new to mac long time pc user.

Discussion in 'Mac Basics and Help' started by miked125, Sep 11, 2005.

  1. miked125 macrumors newbie

    Sep 11, 2005
    I am contemplating about buying a powerbook but I don't know very much about macs, can I install pc programs on a Mac? I like to watch divx clips/movies and other formats like that can macs play them? what else should I know before buying a PowerBook?
  2. mad jew Moderator emeritus

    mad jew

    Apr 3, 2004
    Adelaide, Australia
    To run actual PC software on your Mac, you have two options:

    1. Install an emulator like VirtualPC which pretends it is a different machine (Windows XP or 2000) but is incredibly slow and unusable for many apps. This really is only viable as a last resort.

    2. Find a Mac equivalent of your programs. If you give us an idea of what you are after, we can probably find you a (usually better) Mac alternative.

    A Mac will play all video file formats except for the very latest WMP ones. These are rare though.

    Macs are much better than PCs for most things, including ease-of-use, reliability and intuitiveness. The only reason I wouldn't consider switching is if you have a program (app or game or whatever) that will only run on Windows and OSX has no equivalent, since VPC is so slow. :)
  3. varmit macrumors 68000


    Aug 5, 2003
    PC programs on the Mac, sorry, No, not directly. (see above post about VPC) You will need to buy the Mac version of the software in question. Such things as Microsoft Office can be purchased for the Mac, so before you buy your Mac, make sure you line up all the software you will need to get to make the move. Most large companies do make a Mac version of their software. You can even call them up and tell them that you are switching, and would like to turn in your PC copy for a Mac version. They will sometimes let you do this because they don't want to loose a customer, Mac or PC.

    Divx can be watched by many programs, including VLC, MplayerOSX, and others. I prefer MplayerOSX since its lightweight and you can use the up and down arrows to fast forward and rewind a lot easyer than VLC, which you have to setup yourself because its not default with VLC.

    After doing updates or installing any software that requires you to input your admin password, that you run a Repair Permissions. There are so many issues people post here that all they had to do was Repair Permissions and it would be fine again. Look up on the forum on how to do that.

    Great place to look for software is Just type in what you are looking for, and it will return what is out there.
  4. GimmeSlack12 macrumors 603


    Apr 29, 2005
    San Francisco
    The only thing you really need to know with the Mac is how to turn it on. Everything else is pretty much on it out of the box (except a Divx program, but easy to download).

    I hear mixed results on Virtual PC, but I run it and think it is good option for running PC programs. It is not as fast as a PC, but its not too slow either.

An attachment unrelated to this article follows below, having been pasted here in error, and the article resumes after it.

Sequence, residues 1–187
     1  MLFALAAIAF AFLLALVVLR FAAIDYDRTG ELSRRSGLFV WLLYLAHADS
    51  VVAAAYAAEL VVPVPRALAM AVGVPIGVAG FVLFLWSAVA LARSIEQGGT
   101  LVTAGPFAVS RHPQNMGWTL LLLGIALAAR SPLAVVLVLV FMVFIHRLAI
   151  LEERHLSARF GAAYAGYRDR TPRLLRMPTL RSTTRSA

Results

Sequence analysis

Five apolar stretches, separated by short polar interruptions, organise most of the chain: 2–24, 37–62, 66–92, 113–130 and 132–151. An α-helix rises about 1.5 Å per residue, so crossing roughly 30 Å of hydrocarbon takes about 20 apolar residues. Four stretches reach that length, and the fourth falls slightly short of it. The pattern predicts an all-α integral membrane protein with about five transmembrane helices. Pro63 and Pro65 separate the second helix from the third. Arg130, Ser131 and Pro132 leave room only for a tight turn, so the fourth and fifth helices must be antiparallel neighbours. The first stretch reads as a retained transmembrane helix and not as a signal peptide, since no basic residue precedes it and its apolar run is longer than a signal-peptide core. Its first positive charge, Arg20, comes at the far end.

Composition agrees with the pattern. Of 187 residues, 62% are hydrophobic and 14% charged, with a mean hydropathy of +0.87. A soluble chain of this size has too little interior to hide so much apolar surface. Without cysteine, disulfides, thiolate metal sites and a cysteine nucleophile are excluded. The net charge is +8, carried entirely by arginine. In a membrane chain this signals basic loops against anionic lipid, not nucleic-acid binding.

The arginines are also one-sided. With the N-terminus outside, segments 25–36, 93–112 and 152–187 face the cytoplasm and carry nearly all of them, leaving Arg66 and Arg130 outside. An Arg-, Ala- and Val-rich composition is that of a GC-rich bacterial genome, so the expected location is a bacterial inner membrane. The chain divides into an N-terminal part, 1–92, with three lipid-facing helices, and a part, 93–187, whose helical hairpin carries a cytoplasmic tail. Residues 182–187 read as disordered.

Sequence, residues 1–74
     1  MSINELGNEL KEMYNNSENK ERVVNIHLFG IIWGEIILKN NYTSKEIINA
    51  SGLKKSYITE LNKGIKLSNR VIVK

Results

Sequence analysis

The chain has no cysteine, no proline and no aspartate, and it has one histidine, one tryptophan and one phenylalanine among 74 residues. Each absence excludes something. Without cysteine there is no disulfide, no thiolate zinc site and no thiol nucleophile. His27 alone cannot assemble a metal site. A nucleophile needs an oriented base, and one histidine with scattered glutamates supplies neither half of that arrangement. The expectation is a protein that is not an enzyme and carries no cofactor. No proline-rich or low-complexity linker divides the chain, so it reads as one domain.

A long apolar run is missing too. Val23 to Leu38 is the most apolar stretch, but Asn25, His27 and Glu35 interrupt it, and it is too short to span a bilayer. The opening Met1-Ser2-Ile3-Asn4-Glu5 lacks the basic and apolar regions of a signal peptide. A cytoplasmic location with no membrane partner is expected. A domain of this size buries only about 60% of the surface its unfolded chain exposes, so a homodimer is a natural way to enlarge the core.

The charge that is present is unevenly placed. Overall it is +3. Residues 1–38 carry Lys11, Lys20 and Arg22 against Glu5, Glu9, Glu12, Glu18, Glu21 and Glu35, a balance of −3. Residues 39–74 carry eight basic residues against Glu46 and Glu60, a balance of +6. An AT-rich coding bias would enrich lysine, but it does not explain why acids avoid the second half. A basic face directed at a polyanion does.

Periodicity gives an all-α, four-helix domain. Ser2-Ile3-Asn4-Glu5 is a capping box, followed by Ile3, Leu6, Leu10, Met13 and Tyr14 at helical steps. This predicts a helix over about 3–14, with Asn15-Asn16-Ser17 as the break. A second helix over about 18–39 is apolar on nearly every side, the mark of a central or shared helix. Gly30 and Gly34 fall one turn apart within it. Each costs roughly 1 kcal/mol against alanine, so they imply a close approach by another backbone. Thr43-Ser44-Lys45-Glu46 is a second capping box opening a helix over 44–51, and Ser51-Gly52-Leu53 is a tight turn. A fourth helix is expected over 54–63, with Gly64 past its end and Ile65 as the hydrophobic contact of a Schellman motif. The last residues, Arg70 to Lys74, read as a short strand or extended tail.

The only thing I would advise against buying a Mac is if you are looking for gaming. Upgrade your PC or just buy a PS2 or other console.
  5. mad jew Moderator emeritus

    mad jew

    Apr 3, 2004
    Adelaide, Australia

    It's only really viable for apps that don't require much CPU or GPU though. Something like Office would be fine, although the Office for Mac is much better. However, since there is no 3D support, games are out of the question, as are videos. :(
  6. FFTT macrumors 68030


    Apr 17, 2004
    A Stoned Throw From Ground Zero
    You'll find that most of the things you do on your p/c have a like or better version for Mac and tons of extras are available at VersionTracker.

    If you have any licensed versions of Adobe or Macromedia, they will
    send you Mac versions for the cost of shipping.

    If you are heavily invested in P/C software or Games, the best solution is to back up anything important on your p/c and then run a clean install.
    Forget the patches, anti-virus and anti spyware stuff and just retire
    your current machine for offline gaming and general office work.

    Then all your new work and online work is done on your Mac
    without all the hassle.

    I know lots of people doing this now and most of them barely use their P/C
    for anything but games now.

    Once you transfer all your important files over to your Mac, most people
    barely ever touch their p/c/ again.
  7. SummerBreeze macrumors 6502a


    Sep 11, 2005
    Chicago, IL
    Many people talk about "incompatibility" problems on a Mac, but I can honestly say this isn't much of a problem. Anything you can do on a PC can be done on a Mac, especially multi-media related tasks like watching movies and creating music. I love VLC player for Mac, it works much better on Mac than it does on my Winows box. Also, most of the big programs for Windows are avaliable for Mac. I'd recommend Microsoft Office for Mac (although since I can already see people running at me with pitchforks for recommending a Microsoft product, I should mention that Open Office works fine too) and any Adobe program you can get your hands on (Photoshop is a must, Illustrator is also fantastic).

    Although I should mention that if you want to share files with a Windows computer, you'll nee to manually add the file extensions. Mac can figure out that Word will open my term papers, but to send them to a professor I have to call them paper.doc
  8. mad jew Moderator emeritus

    mad jew

    Apr 3, 2004
    Adelaide, Australia

    Unless you tick this box in the Finder preferences (show all file extensions). :)

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